Why Cam Talbot might be the L.A. Kings’ answer in net after all

LOS ANGELES — The L.A. Kings need a goalie. That’s been said before. It’s being said now. It’s been said so much so that it feels like a chorus to a song.

One trade deadline ago, they made a move for a goalie, Joonas Korpisalo, and shipped out another — the legendary figure that is Jonathan Quick. But while the greatest netminder in franchise history is having a stupendous season with his hometown New York Rangers, Quick was struggling so much last season that the Kings relied on journeyman Pheonix Copley to keep their season afloat. And then general manager Rob Blake brought in Korpisalo, who took the reins and got the job done until he struggled in the final three games of the playoff series against Edmonton.

Korpisalo turned his otherwise impressive stretch run into a five-year, $20 million contract with Ottawa. The Kings, who were set on investing their money in center Pierre-Luc Dubois, went the bargain route by signing Cam Talbot and David Rittich while retaining Copley, hoping for a value-based solution to emerge in 2023-24. Talbot grabbed the net at the beginning of the season and has it now, but that hasn’t quieted the wonderment of whether Blake will be addressing his net before Friday’s trade deadline.

Talbot’s wobbles in January — and those were very concerning wobbles, as he didn’t win any of his 10 starts — re-ignited the worries around having questionable goaltending in a season when progress would by defined by winning a playoff series and becoming a true Stanley Cup threat. And this comes at a time when several netminders have been part of trade chatter — the big names being Jacob Markstrom, Juuse Saros and, to a lesser extent, John Gibson.

The Kings won’t have any breathing room with the salary cap until next season, and that makes landing Markstrom, Saros or Gibson a longest-of-shots proposition — even though those goalies with term remaining on their deals would address 2024-25 as well as this year’s playoffs, for which the Kings seem to be solidifying their status. All three carry a cap hit of $5 million or more, as does Boston’s Linus Ullmark, who is also signed through next season.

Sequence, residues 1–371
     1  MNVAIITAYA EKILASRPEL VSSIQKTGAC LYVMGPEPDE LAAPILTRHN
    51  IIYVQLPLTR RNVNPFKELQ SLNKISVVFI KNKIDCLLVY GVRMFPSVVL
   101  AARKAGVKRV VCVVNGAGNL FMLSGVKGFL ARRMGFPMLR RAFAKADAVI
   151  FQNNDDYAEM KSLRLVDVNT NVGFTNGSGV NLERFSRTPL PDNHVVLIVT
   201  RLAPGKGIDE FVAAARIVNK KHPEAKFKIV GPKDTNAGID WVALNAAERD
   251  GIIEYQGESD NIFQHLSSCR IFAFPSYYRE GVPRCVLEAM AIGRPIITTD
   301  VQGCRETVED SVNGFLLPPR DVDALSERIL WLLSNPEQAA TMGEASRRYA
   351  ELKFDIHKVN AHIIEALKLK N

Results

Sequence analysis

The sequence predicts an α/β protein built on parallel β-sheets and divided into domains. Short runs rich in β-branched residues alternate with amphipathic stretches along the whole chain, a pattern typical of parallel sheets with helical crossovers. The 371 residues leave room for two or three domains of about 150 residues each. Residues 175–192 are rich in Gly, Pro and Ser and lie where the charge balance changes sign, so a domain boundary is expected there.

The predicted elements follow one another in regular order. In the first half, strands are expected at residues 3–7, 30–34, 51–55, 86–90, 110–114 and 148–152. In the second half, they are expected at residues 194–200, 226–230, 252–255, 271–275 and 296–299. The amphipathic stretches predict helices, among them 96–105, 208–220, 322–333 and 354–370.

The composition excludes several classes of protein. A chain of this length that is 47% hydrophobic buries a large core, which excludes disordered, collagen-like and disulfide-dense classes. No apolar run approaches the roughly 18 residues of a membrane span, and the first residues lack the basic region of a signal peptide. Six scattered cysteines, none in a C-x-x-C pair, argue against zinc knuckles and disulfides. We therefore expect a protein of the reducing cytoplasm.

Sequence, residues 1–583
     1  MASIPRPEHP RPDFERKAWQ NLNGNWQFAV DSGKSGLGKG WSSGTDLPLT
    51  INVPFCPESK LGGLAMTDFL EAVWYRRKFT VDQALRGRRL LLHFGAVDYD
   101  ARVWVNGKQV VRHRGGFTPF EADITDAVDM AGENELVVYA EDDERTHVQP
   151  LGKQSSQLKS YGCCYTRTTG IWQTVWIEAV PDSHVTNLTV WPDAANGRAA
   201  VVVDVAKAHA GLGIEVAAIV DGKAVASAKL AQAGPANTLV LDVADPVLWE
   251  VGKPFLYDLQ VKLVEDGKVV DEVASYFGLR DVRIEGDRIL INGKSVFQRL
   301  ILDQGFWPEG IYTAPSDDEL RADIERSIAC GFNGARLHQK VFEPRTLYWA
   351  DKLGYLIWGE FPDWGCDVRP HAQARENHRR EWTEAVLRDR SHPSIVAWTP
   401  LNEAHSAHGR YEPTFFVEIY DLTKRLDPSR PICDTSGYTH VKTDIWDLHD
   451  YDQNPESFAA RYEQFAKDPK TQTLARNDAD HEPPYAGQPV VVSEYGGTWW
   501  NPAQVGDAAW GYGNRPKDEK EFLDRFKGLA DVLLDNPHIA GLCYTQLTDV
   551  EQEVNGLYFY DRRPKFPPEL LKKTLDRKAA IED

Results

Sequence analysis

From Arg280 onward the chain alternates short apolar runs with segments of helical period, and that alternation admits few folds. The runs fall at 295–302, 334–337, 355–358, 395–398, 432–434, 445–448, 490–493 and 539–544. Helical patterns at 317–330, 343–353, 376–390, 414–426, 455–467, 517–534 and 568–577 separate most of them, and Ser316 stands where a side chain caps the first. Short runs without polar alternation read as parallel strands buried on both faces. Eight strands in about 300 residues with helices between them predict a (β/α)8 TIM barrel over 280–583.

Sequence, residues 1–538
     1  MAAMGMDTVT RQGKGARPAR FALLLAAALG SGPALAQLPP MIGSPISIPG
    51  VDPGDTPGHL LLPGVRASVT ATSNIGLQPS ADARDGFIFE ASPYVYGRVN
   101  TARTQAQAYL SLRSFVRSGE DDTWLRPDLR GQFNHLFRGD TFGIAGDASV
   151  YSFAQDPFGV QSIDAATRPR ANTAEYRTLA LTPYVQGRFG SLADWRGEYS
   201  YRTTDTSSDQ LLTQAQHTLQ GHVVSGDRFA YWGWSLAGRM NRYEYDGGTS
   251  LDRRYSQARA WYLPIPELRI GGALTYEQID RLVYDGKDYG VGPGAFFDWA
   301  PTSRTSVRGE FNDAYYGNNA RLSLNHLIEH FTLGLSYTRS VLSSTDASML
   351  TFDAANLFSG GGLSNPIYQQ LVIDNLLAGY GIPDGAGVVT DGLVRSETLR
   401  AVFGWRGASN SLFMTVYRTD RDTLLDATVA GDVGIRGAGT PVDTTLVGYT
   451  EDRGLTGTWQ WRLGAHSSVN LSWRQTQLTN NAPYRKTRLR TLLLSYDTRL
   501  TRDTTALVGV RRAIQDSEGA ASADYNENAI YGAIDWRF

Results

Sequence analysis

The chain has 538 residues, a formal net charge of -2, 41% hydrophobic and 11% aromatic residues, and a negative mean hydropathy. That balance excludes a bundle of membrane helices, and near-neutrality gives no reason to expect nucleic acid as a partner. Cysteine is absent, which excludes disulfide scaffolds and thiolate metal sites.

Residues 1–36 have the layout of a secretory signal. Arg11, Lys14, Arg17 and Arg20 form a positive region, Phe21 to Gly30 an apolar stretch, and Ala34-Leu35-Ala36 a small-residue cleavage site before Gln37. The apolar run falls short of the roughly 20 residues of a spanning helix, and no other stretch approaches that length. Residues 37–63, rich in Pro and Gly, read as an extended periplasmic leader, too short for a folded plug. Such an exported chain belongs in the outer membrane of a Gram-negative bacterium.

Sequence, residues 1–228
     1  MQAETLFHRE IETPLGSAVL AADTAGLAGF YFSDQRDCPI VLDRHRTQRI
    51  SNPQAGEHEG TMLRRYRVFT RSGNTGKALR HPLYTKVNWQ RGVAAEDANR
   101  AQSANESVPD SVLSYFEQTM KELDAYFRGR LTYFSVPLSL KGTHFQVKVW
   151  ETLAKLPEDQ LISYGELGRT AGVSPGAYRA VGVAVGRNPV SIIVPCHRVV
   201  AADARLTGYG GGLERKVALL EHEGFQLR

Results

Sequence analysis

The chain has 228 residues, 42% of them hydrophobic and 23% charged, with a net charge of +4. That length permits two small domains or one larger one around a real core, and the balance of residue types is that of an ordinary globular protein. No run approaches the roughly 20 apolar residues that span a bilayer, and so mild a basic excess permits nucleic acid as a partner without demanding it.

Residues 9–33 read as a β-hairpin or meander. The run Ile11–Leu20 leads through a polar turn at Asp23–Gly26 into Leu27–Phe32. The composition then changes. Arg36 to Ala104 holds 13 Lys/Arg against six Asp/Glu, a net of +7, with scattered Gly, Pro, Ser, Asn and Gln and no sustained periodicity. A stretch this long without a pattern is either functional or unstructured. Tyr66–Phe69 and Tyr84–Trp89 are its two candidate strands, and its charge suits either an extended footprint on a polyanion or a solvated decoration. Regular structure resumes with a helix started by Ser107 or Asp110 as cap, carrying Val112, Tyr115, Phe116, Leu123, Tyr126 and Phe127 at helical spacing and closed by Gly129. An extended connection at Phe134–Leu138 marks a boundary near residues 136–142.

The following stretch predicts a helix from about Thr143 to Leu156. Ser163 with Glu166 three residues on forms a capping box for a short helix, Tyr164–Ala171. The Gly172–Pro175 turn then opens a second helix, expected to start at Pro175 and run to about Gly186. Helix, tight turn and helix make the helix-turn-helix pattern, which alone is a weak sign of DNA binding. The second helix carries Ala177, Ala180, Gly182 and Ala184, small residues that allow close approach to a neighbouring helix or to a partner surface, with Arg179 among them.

And while cheaper goalies such as Montreal’s Jake Allen, Detroit’s James Reimer and San Jose’s Kaapo Kähkönen might be had for lower prices — Allen is signed for another year, Reimer and Kähkönen are on expiring contracts — are any of them really an upgrade over what they have in Talbot, and perhaps even Rittich?

Running with Talbot — and Rittich behind him as a safety valve — wouldn’t be the worst thing given the options. The net appears to be Talbot’s again; the 36-year-old turned in another quality effort Tuesday night despite the Kings falling to Vancouver 2-1 in a tightly played overtime affair, just five days after Los Angeles gave the Canucks a 5-1 drubbing at Rogers Arena.

Not surprisingly, the Canucks showed better. The Pacific Division leaders ultimately got the edge by taking advantage of Kevin Fiala’s delayed penalty for holding, adding an extra attacker before J.T. Miller ripped a blistering one-time slap shot through Talbot 1:36 into extra time. Talbot took the loss, but the defeat wasn’t on him. His 29-save effort was strong enough for interim head coach Jim Hiller to say, “Talbs has been on a pretty good run lately, but this was probably his best game for me.”

How good has Talbot been? He has stopped 176 of 185 shots over his last six starts, posting a .951 save percentage while going 4-1-1. He’s allowed one goal in each of those four wins and just five over the two defeats. It’s a sharp contrast to that ragged month-long stretch before the All-Star break when his line was 0-7-3 with a 3.86 goals-against average and an equally subpar .881 save percentage. It’s also a reminder of the high-value netminding he gave the Kings over the first three months while working on a $2 million salary, $1 million of it being a bonus he easily reached by playing 10 games.

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Talbot made 29 saves in the Kings’ 2-1 overtime loss to the Canucks on Tuesday. (Gary A. Vasquez / USA Today)

The Kings who spoke after Tuesday’s game lauded Talbot’s latest outing. They’re glad to see a veteran find his game after it went sideways to the point that Rittich was called upon to stop the team’s bleeding through a 2-8-6 spill.

“Rough month for all of us,” Trevor Moore said. “We didn’t make it easy on him. It’s awesome to see him come through and be playing so well. Great guy. Great teammate. Even when he’s not playing well, (he’s) a positive spot or bright light in the locker room for us.”